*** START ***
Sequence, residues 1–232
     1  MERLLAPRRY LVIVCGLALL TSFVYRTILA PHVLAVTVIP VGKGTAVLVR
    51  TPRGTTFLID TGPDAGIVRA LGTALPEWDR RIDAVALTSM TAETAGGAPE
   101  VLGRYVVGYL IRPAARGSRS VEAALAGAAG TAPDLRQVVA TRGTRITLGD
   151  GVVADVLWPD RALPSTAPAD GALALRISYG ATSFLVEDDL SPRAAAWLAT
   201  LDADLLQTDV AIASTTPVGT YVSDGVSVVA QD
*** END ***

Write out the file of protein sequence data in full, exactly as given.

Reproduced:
Sequence, residues 1–232
     1  MERLLAPRRY LVIVCGLALL TSFVYRTILA PHVLAVTVIP VGKGTAVLVR
    51  TPRGTTFLID TGPDAGIVRA LGTALPEWDR RIDAVALTSM TAETAGGAPE
   101  VLGRYVVGYL IRPAARGSRS VEAALAGAAG TAPDLRQVVA TRGTRITLGD
   151  GVVADVLWPD RALPSTAPAD GALALRISYG ATSFLVEDDL SPRAAAWLAT
   201  LDADLLQTDV AIASTTPVGT YVSDGVSVVA QD